The economic recovery may not be ripe yet, but affluent shoppers apparently aren't having a problem paying a premium for high-end groceries.
Shares of upscale supermarket operator The Fresh Market (TFM) hit fresh highs on Wednesday after the company posted blowout quarterly results. The Fresh Market saw its revenue climb 23% to $324.8 million in its fiscal first quarter, fueled by brisk expansion and a healthy 8.2% spike in same-store sales.
Adjusted earnings climbed 32% to 40 cents a share as the foodstuffs retailer expanded its profit margins, already milking more out of every dollar in sales than larger traditional grocers.
Analysts only figured that The Fresh Market would earn 36 cents a share on $310.9 million in revenue.
No Caveat to Selling Caviar
The Fresh Market has an Old World theme with fresh produce on display that would put larger supermarket chains to shame. The throwback butcher shop is there, only it serves up prime cuts of meat and exotic seafood. The chain's typical store is also much smaller than conventional supermarkets, allowing the company the flexibility to open in the heart of an affluent neighborhood where a larger chain would flop.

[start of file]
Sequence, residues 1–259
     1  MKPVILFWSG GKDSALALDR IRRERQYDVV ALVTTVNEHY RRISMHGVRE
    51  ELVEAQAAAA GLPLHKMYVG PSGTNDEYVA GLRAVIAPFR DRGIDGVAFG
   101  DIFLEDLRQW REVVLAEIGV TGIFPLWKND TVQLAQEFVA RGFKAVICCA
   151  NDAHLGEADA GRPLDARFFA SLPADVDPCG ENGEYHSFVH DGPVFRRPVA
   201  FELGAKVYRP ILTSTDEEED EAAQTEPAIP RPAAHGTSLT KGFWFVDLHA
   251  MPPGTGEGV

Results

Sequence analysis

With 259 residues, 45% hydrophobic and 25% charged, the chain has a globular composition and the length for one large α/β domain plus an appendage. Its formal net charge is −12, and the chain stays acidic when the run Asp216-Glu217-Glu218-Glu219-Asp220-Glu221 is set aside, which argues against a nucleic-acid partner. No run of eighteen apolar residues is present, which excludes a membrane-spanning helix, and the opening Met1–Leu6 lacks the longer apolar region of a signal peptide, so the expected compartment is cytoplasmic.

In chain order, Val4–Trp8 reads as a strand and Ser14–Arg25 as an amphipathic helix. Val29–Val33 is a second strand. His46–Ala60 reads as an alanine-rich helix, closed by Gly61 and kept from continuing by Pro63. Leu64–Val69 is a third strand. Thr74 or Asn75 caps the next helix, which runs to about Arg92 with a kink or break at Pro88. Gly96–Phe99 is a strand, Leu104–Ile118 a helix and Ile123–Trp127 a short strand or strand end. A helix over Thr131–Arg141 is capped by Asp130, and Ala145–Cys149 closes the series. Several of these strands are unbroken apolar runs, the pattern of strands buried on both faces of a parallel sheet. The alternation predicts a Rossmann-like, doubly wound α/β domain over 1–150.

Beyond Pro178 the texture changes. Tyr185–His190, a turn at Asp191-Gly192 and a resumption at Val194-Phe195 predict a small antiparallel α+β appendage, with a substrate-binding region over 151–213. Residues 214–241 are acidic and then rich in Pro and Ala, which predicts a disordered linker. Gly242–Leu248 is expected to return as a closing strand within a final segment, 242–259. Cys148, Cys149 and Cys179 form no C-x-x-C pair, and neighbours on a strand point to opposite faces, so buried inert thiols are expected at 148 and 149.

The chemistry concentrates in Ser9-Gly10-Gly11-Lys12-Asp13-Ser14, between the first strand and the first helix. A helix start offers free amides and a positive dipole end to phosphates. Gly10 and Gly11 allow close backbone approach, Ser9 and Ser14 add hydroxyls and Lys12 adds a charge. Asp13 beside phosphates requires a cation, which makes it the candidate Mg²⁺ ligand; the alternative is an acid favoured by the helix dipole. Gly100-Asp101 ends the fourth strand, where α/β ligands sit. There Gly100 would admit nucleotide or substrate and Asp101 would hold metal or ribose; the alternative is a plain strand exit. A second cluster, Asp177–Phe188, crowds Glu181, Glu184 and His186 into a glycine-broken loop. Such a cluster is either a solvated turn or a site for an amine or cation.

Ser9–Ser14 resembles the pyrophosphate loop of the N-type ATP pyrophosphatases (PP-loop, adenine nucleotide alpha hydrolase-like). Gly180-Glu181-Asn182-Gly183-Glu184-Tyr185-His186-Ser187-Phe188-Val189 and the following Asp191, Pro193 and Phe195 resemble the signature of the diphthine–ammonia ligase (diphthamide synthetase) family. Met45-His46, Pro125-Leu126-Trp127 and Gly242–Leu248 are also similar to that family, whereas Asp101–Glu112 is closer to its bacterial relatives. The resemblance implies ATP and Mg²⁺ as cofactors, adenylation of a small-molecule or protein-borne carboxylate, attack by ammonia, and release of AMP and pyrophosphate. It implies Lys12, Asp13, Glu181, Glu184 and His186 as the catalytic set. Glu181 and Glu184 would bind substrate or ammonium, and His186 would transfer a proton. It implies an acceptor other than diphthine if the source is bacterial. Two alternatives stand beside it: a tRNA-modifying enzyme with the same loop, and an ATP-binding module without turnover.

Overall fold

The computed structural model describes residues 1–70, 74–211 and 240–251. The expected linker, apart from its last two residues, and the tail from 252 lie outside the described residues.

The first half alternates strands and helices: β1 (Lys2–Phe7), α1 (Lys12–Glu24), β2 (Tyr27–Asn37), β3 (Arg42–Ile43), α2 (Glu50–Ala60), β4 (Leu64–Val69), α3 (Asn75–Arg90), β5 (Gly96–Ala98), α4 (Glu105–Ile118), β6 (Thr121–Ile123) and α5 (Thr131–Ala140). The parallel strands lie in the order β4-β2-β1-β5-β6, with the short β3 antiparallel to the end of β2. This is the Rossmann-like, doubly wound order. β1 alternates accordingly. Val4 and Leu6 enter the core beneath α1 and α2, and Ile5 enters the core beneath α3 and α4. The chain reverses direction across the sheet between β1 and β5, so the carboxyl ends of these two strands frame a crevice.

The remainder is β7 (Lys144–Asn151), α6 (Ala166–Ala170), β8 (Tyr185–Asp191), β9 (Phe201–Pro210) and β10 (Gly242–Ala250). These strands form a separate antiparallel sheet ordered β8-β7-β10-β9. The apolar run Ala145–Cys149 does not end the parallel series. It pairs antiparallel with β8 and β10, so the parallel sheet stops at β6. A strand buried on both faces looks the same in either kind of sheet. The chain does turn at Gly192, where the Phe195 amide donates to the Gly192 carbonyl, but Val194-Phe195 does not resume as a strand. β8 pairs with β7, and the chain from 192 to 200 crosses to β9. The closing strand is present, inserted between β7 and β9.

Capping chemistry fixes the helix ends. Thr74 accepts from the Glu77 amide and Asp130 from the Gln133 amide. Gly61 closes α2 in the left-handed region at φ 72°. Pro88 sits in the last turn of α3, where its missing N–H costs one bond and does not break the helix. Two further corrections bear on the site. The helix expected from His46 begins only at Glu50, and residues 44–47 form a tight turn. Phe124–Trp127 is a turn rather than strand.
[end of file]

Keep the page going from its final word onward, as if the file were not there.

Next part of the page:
The end results are impressive. After closing out fiscal 2011 with net margins of 4.6%, the metric rose to 5.9% during the last three months to kick off fiscal 2012. Put another way, nearly 6 cents of every dollar in sales at The Fresh Market makes it all the way down the income statement as an after-tax profit.
Traditional grocery stores typically check in with net margins between 1% and 3%. Whole Foods Market (WFM) -- the slightly upscale organic grocer -- has delivered net margins of just 3.7% over the past year.
Yes, The Fresh Market is that good.
Fresher Produce on the Way
The Fresh Market is still early in its growth cycle. There are just 116 stores open as of the end of April, and the chain is eyeing 14 to 16 openings for the entire fiscal year.
Heartened by its strong quarter, The Fresh Market is increasing its outlook.
Stack up The Fresh Market's strong quarter on top of a better-than-expected report by Whole Foods, and it's clear that consumers aren't shying away from paying more for high-quality, "good for you" groceries.
Investors are apparently following suit. Whole Foods Market and organic distributor Hain Celestial (HAIN) have also hit new highs this month.